Latin America counts losses as Nafta talks loom
Mexico will be the biggest loser from North American Free Trade Agreement (Nafta) renegotiations, with a host of other Latin American countries set to suffer negatively from US President Donald Trump’s trade and economic nationalism.
Renegotiations over the 22-year old trade deal between Canada, Mexico and the US are set to commence in mid-August, with trade credit insurer Coface saying that Mexico is likely to be the initial target of Trump’s protectionist policies.
This is based on the expectation that Trump will immediately target countries with which the US has a strong trade deficit. With this assumption, a Coface report says, “Mexico’s position is particularly sensitive”.
This is a widely-held view: ING Bank says that Mexico’s trade is 20 times more dependent on the US than vice-versa.
Coface notes that more than 80% of Mexico’s exports are sent to the US today, representing 24.4% of Mexico’s GDP. With this, the country becomes the Latin American economy with the largest trade surplus with the US: compared to the rest of the world, its surplus in 2016 is exceeded only by China, Japan and Germany.
To bridge this gap, the Trump administration has already proposed the implementation of a 20% import tax on products from Mexico (which would then pay for the much-hyped border wall), while Trump has threatened to dismantle Nafta, the 22-year-old trade treaty between the US, Canada and Mexico, if he doesn’t get the terms he wants.
The uncertainty around the future of Nafta has already taken its toll on Mexico. In 2016, the peso depreciated by 19% against the US dollar, and Coface notes it could devalue by more than 25% if Nafta was to come to an end.
While Trump has agreed “not to terminate Nafta at this time”, the US will certainly do what it can to restrict the amount of imported material in goods that qualify under the agreement, and eliminate a controversial dispute settlement mechanism, which will leave Mexico the most vulnerable in the upcoming negotiations and for future protectionist measures.
The other losers
Along with Mexico, Coface identifies Costa Rica, El Salvador and Honduras as the three countries in Latin America that are the most exposed to protectionist measures imposed by the US administration. Aside from Nafta renegotiations, ‘Trumponomics’, as Trump’s form of economic policy has been branded, promotes economic and trade nationalism, and trade reciprocity.
Not only do these economies have a high level of trade exposure to the US, but their GDPs are more dependent on those exports than other nations in the region. Therefore, they can expect to suffer from the direction Trump’s policy is taking.
Honduras is most vulnerable to US protectionism. 42.5% of its total exports go to the US, and these account for as much as 31.7% of the country’s GDP. Meanwhile, 47.2% of El Salvador’s exports go to the US, which accounts for 25.1% of total GDP.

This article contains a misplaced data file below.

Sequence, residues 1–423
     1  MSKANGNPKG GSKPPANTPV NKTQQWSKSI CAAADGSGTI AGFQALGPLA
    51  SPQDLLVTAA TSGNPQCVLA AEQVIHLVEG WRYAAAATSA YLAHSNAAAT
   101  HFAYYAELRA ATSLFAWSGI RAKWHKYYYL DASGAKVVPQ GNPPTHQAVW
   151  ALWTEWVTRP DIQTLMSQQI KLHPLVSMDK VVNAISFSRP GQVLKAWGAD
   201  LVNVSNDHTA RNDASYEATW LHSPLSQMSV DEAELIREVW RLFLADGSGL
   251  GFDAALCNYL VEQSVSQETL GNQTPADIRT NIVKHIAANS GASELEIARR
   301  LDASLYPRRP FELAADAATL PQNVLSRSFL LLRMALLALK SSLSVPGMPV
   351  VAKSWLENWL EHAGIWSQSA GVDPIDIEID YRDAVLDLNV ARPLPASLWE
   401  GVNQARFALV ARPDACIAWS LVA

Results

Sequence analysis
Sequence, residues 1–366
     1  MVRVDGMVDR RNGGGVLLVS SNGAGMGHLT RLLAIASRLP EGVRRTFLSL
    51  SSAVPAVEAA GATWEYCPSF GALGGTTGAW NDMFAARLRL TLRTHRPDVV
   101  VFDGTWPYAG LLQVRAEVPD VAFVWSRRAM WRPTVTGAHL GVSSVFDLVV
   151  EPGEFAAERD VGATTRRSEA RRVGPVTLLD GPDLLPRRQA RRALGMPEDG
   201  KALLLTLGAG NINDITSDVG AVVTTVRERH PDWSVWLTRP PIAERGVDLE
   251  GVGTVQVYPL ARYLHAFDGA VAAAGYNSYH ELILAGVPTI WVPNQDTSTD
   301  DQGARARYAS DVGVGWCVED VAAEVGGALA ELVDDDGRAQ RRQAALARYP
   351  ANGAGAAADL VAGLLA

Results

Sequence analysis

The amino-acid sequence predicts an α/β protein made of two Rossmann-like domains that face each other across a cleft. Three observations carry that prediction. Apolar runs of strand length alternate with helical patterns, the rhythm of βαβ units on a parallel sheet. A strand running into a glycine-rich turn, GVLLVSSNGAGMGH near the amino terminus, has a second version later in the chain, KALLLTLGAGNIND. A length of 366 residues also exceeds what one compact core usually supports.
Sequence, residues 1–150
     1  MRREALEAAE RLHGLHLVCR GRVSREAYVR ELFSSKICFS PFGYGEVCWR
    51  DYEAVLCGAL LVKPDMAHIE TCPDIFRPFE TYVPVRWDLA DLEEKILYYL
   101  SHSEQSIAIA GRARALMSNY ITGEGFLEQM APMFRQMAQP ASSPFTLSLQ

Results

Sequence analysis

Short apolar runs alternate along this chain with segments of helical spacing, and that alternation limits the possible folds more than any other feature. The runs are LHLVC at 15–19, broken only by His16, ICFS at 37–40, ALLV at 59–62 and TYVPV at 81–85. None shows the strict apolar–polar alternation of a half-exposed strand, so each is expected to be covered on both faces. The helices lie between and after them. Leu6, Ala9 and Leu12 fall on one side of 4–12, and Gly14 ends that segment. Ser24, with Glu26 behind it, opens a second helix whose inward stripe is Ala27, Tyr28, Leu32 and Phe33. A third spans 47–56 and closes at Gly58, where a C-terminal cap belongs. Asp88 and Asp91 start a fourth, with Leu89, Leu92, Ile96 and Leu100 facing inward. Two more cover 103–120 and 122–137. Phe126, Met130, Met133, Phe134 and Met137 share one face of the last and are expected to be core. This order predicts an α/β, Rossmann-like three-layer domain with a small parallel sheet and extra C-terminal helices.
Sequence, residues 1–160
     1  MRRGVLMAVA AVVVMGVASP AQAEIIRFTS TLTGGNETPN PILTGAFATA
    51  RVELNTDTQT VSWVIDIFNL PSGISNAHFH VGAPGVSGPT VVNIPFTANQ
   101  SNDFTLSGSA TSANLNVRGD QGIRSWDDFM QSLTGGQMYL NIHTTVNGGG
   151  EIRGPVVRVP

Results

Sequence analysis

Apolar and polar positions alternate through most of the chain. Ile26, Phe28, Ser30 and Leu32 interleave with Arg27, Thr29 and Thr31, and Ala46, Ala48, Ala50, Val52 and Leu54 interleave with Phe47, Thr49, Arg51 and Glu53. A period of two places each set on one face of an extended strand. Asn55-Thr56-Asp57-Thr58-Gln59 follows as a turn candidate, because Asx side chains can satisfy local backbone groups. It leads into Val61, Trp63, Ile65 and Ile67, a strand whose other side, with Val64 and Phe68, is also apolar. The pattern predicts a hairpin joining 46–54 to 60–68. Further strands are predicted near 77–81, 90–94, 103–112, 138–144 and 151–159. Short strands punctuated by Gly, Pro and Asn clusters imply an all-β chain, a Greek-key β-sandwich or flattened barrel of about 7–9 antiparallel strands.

Although Costa Rican exports will be hard hit by US trade measures, the country’s GDP is less vulnerable. While the Costa Rica’s exports to the US make up 42.5% of total exports, this comprises only 6.6% of GDP.
The authors state that US will potentially place tariffs on the import of manufactured products, which is bad news for El Salvador, Honduras and Mexico, which have heavy dependence on these exports.
Coface’s analysis found that within the region, only two others countries, Ecuador and Colombia, reported trade surpluses with the US in 2016 and therefore could eventually expect to be targeted by the US administration. However, it says, “this may not be a primary focus for the US, given the irregular and weak contribution of these countries to the US’s total trade deficit.”
…and the winners
These conclusions stand in contrast to other economies in the region.
The respective exports of Peru, Chile, Brazil and Argentina to the US make up, on average, 2.5% of their GDP. What’s more, they mainly export primary goods to US, which are less likely to be affected by protectionist measures.
The report also notes that Trumponomics could even have a positive net effect on trade balances for some countries, such as Chile and Peru.
“If Trump succeeds in his projects to boost infrastructure, this could improve international copper prices,” the report reads. “Chile and Peru are in a good position to benefit from this. They are, respectively, the first and third largest copper producers in the world and geographically closer to the USA than China, the second largest producer.”
In fact, as previously reported by GTR, Trump’s promise to limit Chinese imports as well as increase infrastructure spending has already sent metal prices on an upward trajectory. The IMF has forecast that the metal’s average price in 2017 will rise with 17.2% compared to last year, which will be of benefit to exporters.take me back